Achieving a BHAG (Big Hairy Audacious Goal)
It’s been 15 years in the making. A goal set. Line drawn in the sand. Off we would go. Little did Alisa (my wife) and I realize when we romanticized about this on our 4th date how much effort, planning, and consternation was in front of us.
Our family has embarked on a 5 month journey to Travel the World. Alisa (wife of 13 years & veterinarian), Maya (11 year old girl), Shae (7 year old girl), and myself (ALF class of XXIX, 50 years old and serial entrepreneur).
First, the basics so you have an idea of how this started. This blog comes about 1 month into the journey. 1) Our trip is entirely designed by us. No travel agents. No help- even with a close personal friend who owns a travel company. 2) The core of the trip is about immersing ourselves in local culture. 3) Slow Roll— My wife and I like to travel fast. I have often bragged about going to 21 cities in 42 days while in Europe. We just like to travel taking in as much as we can as fast as we can- but we wanted to do it differently. So against our natural rhythm, we are trying to slow down- it’s a theme I suspect that will come up often. 4) We decided on 1 month in each of 5 countries—Thailand, China, Morocco, Croatia, Ecuador—in that order. Finishing with a week in Bonaire (the Caribbean) where we will be meeting 3 other families (with whom we travel with every summer) and getting Maya and her friends certified to scuba dive.
Why?—Well to most in ALF we probably don’t need to ask that question- we all love to travel. But thinking about the differences between a relaxing 10 day vacation versus a 5 month unplanned trip with young children is actually quite a different endeavor. Over the years, Alisa and I had talked about places we wanted to visit. We finally realized this adventure was about culture and seeing the world through our kids’ eyes. We are both pretty well traveled. Our kids are not. It’s impossible to study a culture in 10 days and fully appreciate it and it’s nuances. The theory was it simply takes time to watch, listen and understand – and when the goal is culture and helping our children understand, an extended vacation seemed like the most impactful way.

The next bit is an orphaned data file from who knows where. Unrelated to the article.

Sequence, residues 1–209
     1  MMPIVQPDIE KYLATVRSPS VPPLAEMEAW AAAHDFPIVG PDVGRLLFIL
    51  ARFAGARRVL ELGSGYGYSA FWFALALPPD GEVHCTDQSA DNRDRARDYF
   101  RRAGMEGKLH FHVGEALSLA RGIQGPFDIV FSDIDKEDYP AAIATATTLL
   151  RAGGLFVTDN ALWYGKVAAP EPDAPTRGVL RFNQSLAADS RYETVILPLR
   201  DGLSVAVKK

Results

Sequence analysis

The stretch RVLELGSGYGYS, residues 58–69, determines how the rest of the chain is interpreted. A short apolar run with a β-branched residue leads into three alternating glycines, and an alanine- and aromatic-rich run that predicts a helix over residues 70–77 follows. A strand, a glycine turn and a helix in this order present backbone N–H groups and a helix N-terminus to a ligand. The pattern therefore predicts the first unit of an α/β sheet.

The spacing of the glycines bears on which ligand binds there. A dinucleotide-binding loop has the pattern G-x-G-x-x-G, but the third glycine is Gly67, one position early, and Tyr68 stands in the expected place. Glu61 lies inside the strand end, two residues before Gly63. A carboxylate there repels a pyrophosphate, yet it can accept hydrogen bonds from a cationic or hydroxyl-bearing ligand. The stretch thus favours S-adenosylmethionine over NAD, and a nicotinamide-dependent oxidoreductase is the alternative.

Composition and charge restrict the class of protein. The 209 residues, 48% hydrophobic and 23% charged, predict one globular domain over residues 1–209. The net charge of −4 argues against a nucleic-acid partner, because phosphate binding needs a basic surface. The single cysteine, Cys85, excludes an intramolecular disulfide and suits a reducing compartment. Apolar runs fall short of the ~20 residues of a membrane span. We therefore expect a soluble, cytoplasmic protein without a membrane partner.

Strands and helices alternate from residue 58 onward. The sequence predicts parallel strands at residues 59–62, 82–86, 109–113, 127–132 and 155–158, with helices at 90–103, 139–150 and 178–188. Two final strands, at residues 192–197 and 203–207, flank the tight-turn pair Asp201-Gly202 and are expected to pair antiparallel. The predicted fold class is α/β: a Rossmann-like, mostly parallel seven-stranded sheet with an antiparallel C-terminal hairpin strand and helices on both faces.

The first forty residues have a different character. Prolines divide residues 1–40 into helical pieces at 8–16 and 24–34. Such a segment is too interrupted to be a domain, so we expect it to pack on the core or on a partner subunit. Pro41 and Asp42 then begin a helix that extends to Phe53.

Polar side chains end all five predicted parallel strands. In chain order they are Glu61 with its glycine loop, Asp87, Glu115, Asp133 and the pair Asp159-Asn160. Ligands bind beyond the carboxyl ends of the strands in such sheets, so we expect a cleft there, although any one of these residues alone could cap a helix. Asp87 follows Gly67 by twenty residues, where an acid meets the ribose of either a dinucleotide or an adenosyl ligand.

Logistics – a few years ago when we realized we were getting closer to departing, we started casually answering some of the big questions; When to leave? How long? What to do with the house? Where do we come up with the Money? Schooling? The Bills? Our Jobs?
The Time Window- This one came pretty quickly and easily. We did not want to be in a third world country dealing with poopy diapers. We also wanted to make sure our youngest would remember some of the trip. For our oldest, we did not want her to fall in love with a Moroccan Rico Suave and blame her dad the rest of her life for tearing her away from her one chance at love. Not to mention, teaching our children long division is a hell of a lot easier than Trigonometry. So kids had to be between 5 and 13, which gave us a 4 year window.
The House- One of the benefits of living in the Bay Area and it’s crazy housing prices, is you can rent your house for crazy amounts of money (at least in the eyes of a kid from rural Ohio- me). We’ve lived in our house for almost 14 years- which means our mortgage is low (in comparison to today).Who could have predicted 15 years ago, that the rental of our home could come close to paying for our whole trip. Turns out we can rent our house for more than 3x our mortgage. Thanks to AirBnB, Money issue basically solved.
The Logistics of the Bills became easy with technology. Again unpredictable 15 years ago, when the travel seed was planted, who could have predicted the technologically advanced world we live in today. Unfortunately, all bills are not payable the same way, but almost all of them have some ability to either pay directly online or set up auto-pay.
Work/Jobs. This turned out to be the most challenging. The benefit of owning your own company and having flexibility is obvious, but it is far outweighed by the responsibility of making sure said business is still standing upon return. I started my search for a CEO replacement almost 4 years ago. Every time I thought I had a good candidate, something happened. I was starting to get worried that perhaps my time window was slipping away, when a friend introduced me to the perfect experienced CEO candidate that just happened to be in between gigs. The relief of not only finding a qualified candidate, but someone who was part of my friend network, was the biggest weight of all off my shoulders.
So what really seemed like a simple enjoyable endeavor, really turned into a decade’s long mono-focused drum beat. Here’s to a cocktail of Naiveté and children creating some warm fuzzies and wonder about the universe. Next Post- “World Schooling”.